Interview with photographer J.M. Golding
Cary Benbow: Why do you photograph? What compels you to make the images you create?
J.M. Golding: For me, the answer lies in both the process of creating, and in the images that result from that process. In terms of process, making photographs invites me into what the psychologist Mihaly Csikszentmihalyi calls a flow state, which he describes as ‘‘an almost automatic, effortless, yet highly focused state of consciousness,’’ a state of deep absorption in the moment. For me, since I most often photograph in natural settings (an intentional choice based on both where I enjoy being and what I generally most want to see in photos), the flow state carries with it an experience of connecting with nature, what Ruth Bernhard referred to as “knowing what it feels like to be a leaf.” Not only is the experience of photographing wonderful (in the full sense of the word) for me, but then I get photographs, too! As much as I know intellectually that there are solid reasons in physics and chemistry that those pictures exist, I still experience photographs as a form of magic, as alchemy. And not just because they reproduce reality – to me, they’re all the more magical because they transform reality, sometimes in ways that can be quite surprising to my conscious self. I get to use these alterations in reality to create and/or discover metaphors that explore and transform subjective experience. Not only that, but when another person finds resonance in my work, that’s a form of connection between that person and me. It’s a pretty amazing experience all around.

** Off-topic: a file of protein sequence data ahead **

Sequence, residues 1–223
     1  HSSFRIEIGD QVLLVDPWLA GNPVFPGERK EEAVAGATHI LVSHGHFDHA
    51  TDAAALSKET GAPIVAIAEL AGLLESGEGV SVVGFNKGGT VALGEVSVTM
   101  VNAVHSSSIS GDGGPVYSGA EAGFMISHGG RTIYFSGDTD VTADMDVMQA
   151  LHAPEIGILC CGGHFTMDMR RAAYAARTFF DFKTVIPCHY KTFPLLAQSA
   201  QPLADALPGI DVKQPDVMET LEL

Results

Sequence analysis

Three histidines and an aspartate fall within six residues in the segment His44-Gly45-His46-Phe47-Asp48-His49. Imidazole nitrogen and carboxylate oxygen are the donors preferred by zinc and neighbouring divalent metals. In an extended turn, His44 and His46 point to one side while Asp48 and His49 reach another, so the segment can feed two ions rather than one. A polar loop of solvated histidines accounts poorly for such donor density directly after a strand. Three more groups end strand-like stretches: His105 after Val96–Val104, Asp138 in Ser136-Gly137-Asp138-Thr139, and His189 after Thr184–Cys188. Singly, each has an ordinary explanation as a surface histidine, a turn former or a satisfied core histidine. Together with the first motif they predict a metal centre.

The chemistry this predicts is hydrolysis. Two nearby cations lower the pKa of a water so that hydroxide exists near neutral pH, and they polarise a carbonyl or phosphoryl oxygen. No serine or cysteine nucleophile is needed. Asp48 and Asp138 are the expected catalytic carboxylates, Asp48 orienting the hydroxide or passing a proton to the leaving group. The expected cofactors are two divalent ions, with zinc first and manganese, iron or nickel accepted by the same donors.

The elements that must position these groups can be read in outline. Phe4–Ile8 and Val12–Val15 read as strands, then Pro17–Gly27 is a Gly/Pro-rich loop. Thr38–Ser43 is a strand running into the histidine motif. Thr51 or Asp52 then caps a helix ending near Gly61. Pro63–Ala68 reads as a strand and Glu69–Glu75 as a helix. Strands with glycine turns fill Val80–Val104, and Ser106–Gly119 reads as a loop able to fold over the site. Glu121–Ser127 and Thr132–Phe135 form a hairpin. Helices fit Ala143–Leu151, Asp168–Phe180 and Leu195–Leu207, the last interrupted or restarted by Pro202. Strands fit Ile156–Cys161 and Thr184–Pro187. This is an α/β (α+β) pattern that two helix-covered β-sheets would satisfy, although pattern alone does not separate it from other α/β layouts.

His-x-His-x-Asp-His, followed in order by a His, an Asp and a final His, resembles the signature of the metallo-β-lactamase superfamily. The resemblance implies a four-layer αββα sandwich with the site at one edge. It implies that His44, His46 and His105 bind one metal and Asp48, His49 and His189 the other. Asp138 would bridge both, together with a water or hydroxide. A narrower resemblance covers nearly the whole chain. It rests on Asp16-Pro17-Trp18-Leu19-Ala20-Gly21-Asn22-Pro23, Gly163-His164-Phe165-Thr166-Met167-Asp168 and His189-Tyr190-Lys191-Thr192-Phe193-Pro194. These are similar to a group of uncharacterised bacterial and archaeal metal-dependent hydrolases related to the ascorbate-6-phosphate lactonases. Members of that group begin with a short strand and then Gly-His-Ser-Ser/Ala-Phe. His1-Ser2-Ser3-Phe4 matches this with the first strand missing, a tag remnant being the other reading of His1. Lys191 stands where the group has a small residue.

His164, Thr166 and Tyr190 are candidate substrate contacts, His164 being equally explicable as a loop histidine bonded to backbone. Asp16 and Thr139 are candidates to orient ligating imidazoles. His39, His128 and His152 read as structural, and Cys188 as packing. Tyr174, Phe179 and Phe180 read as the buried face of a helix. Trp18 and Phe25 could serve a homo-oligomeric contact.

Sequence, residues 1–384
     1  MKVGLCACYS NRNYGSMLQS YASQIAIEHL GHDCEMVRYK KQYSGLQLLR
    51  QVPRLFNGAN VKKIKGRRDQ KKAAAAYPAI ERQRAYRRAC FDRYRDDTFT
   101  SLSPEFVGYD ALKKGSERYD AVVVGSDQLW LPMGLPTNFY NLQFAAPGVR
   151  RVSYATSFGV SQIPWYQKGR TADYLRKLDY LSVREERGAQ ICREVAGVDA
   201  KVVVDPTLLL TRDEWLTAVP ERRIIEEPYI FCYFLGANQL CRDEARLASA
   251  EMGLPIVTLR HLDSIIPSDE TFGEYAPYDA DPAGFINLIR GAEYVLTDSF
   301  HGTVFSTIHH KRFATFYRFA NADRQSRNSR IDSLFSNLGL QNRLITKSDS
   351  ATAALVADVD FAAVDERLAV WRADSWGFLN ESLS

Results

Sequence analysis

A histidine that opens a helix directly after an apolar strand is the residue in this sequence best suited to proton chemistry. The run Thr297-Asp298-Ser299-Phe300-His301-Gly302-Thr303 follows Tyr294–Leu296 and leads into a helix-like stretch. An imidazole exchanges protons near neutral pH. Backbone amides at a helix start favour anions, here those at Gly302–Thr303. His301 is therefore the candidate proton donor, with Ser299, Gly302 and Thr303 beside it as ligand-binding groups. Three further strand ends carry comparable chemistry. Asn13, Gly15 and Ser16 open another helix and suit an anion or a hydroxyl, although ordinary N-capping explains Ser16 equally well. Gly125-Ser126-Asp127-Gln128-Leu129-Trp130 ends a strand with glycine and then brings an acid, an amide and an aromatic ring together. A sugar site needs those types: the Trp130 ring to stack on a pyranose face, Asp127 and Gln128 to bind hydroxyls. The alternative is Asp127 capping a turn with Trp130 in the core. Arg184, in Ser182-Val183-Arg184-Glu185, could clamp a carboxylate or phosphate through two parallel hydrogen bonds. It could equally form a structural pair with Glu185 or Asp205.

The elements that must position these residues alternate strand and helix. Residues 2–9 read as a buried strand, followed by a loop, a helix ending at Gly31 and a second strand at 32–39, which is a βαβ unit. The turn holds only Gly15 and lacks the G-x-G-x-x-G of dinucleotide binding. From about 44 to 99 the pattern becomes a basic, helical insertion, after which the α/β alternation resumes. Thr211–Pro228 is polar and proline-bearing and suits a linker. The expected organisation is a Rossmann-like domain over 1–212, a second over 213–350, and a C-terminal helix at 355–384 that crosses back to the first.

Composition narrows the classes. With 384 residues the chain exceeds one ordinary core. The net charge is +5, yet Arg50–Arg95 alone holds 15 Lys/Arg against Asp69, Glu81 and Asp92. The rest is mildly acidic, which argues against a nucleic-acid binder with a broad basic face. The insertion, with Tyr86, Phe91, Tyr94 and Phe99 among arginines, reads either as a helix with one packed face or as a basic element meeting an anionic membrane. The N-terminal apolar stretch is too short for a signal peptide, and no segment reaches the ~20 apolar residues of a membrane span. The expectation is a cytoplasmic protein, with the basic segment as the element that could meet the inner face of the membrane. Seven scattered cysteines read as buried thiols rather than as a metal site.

CB: What is the idea behind your images submitted to F-Stop’s issue, Wonder-Full? Are they part of a project, or why did you select these images?
JG: I chose the images I submitted from among my best work that seemed to express or contain a sense of wonder – something that is integral to photography for me. Some of the photos are part of various projects; others (including “At the frontier of the known world”) aren’t – or at least, for now, no project has cohered around those particular images for me.
The untitled piece is from a project called “Before there were words,” which is about preverbal experience that we retain, perhaps in our unconscious minds, long after it’s become possible, expected, and maybe typical for us to relate to the world largely through words. The photographs speak of pure actuality, that moment before verbal labels rush in to change experience.
“The land transforming” is part of the series, “From destruction grows a garden of the soul,” I made these photographs in the year and a half after a 2013 fire ravaged over 3,000 acres of mountain wilderness in northern California. I couldn’t resist the metaphor of beauty – and, visually, joy – coming into existence after, and as a direct result of, disastrous loss.
“This moment always” is from the series, “Where you are,” which explores integration of closeness and distance using double exposure. The photographs contain elements of each of two exposures, one focused close and one focused far away, fusing them to create an image that couldn’t have been anticipated by either one alone. In joining near and far, they also join solid and ethereal, objective and subjective, sharp and blurred, literal and metaphorical, real and imagined.